[Punctum’s punk-infused offering packs a punch]
When entering Basement Theatre’s main stage, the first thing I notice is the set design by Minsoh Choi, as the back wall of the stage has been painted a bright, baby pink. Given the show’s punk aesthetic, it’s a bold and fairly bad-ass move and I’m silently impressed after estimating the cost for a tin of paint. This production is part-funded by CNZ and Foundation North, and developed through Proudly Asian Theatre’s Fresh Off the Page initiative and Playmarket’s Asian Ink Award; a lot of hands have helped to bring this mahi to life, and my expectations are high.
On stage, there’s a stack of amps and other musical paraphernalia, and pink cords hang from the ceiling – a tangled mess, evocative of a recording session gone very wrong.
Directed by Nahyeon Lee, Chick Habit is Punctum Production’s sophomore production and follows Nathan Joe’s Losing Face which ran as part of August’s Matchbox series at Q. Chick Habit is the latest offering from playwright Nuanzhi Zheng who also co-wrote Yang/Young/杨, and I’m intrigued to know the play began as a comic book zine, wondering how these visual and story elements will evolve.
As the action starts, we meet our three central characters: school friends Olivia (Louise Jiang), Yolande (Nomuna Amarbat) and Xanthe (Shervonne Grierson), and their combined presence is a ball of youthful energy as they discuss plans to form a punk band.
The narrative’s non-linear structure allows us to see versions of the three women in their much younger states, with their uniform-clad wide-eyed innocence fuelling the story. We learn of Olivia’s present-day separation from her friends, and, through an entertaining phone call with the crematorium worker (Celine Dam), we hear of Olivia’s challenging relationship with her mother (Jo Lo) – who is dead and also happens to be haunting her.
Having read the show teaser, the play continues as expected: Olivia is angry that her friends are capitalising on her original music and seeks to challenge them publicly, and does so by interrupting a humorous electro-pop performance. Draped in what I can only deduce is a blue net curtain, Yolande takes centre stage and sings ethereally while accompanied by Xanthe on a synthesiser – fingers rhythmically jabbing at the instrument, complementing her delightful ‘I’m a serious muso’ facial expressions.
This first duo performance sets the bar high, thanks to some comedic touches from the ensemble. Celine Dam sparkles in every scene as she morphs into caricatures: fans, a security guard, and the previously mentioned crematorium worker. She excels in the chance to show off her range, playing with voice and timing to generate a roomful of laughs.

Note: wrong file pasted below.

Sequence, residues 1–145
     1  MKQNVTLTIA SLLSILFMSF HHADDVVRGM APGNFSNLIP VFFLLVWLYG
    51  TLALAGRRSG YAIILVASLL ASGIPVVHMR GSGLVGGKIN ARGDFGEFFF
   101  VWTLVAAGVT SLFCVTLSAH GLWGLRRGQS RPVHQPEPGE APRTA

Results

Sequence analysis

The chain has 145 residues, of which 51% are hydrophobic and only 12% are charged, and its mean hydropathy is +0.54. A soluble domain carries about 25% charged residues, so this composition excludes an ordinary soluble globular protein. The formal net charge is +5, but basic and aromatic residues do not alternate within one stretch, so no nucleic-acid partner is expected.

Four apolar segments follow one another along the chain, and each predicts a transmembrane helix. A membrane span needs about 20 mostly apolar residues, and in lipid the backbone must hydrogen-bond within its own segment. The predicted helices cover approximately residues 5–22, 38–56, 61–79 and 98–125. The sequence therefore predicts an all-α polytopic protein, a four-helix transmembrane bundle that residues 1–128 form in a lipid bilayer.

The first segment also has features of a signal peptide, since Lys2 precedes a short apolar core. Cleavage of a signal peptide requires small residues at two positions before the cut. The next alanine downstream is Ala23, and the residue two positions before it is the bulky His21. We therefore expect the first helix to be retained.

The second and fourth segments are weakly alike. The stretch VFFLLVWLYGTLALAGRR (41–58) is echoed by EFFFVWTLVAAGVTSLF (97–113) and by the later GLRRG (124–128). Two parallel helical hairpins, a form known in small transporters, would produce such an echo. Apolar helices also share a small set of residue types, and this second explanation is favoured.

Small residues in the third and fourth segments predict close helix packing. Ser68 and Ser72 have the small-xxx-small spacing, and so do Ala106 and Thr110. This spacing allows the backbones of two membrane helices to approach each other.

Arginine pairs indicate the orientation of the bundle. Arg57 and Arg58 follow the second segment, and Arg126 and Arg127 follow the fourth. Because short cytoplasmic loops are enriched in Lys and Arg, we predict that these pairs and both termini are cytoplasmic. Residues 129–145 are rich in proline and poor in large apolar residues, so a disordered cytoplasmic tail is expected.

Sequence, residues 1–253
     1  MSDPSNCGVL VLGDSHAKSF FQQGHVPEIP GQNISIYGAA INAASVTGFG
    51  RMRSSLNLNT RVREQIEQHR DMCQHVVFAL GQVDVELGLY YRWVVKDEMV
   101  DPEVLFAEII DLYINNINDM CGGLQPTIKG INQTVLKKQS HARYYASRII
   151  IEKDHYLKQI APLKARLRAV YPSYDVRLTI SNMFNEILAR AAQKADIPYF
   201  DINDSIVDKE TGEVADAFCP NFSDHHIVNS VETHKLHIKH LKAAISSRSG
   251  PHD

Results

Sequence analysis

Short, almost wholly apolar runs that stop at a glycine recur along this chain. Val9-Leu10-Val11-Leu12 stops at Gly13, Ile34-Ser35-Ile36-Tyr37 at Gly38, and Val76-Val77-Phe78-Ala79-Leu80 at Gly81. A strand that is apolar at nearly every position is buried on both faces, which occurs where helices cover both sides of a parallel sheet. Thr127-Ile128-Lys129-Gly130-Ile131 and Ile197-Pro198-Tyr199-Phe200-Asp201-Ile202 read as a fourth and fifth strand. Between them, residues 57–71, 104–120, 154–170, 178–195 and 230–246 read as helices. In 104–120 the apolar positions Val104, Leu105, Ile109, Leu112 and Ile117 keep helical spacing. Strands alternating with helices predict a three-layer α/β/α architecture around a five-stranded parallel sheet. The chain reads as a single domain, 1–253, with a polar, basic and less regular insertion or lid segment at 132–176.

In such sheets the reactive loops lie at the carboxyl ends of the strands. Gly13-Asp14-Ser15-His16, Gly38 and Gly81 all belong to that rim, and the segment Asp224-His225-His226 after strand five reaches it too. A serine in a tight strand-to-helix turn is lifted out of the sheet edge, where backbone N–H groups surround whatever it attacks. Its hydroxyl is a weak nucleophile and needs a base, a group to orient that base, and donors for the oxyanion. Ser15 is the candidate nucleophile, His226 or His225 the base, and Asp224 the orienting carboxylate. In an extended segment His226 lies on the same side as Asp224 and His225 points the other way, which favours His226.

She’s not the only character who enjoys playing the fool – Shervonne’s Xanthe gets some of the stellar lines of the show. She exits a scene by asking a simmering Olivia what phone she’ll get next, ‘Motorola or..?’ and her inflection alone makes the room laugh as one.
The play relies upon quality sound – from the orchestration and mixing of live performance to the production quality of onstage voices – and the horseshoe presentation makes it tricky to deliver a full, balanced sound across the audience. Given that the whip-smart dialogue is front and centre, a different iteration of the show could focus on voice projection and sound balancing to avoid key lines being lost.
A subplot regarding sexuality is fresh and youthful, using playful language to lighten the mood during a final showdown between the threesome, and the approach to queerness is with a relaxed, ‘it’s no big deal’ quality commonly seen amongst Gen-Z. It’s great to see multiple queer, Asian women taking up space on stage and I would’ve liked to have seen this element develop, learning more about who the women are now, able to get to grips with sexuality in their mid-20s.
I can’t help but feel there isn’t yet enough complexity within the mother-daughter relationship for its resolution to pay-off, a feeling compounded by an audience member’s ill-timed mobile phone alert, sadly breaking the tension of Olivia’s monologue in one of the most poignant scenes of the production. Louise addresses the audience in character, breaking the fourth wall, but the damage has been done.
Either way, I’m eager to see more between the core friends, and music to drive the story further. It’s later in the production that there’s time to shine, where we see the fire between the three central characters and the skill involved in learning and performing an original punk-inspired song. This moment of after-school garage jam-session is by far the production’s highlight: the song is energetic and catchy, and there’s an impressive cohesion amongst the cast.
The end of the production focuses on Olivia’s grief and we’re left wanting more, to see an encore of their musical collaboration. Then, as if by magic, we enter the foyer post-show to real-life Auckland-based punk band Club Ruby, founded and fronted by queer Asian performer Jade Lewis, and the band play through their debut EP which they released last week.
The atmosphere is light and, while not quite riotous, it’s enough to feel subversive. Chick Habit is an uplifting show about queer, Asian women in a punk band – and that alone in our current climate is pretty revolutionary. What more could Tāmaki Makaurau ask for right now?
Chick Habit plays Basement Theatre 24th-28th October 2023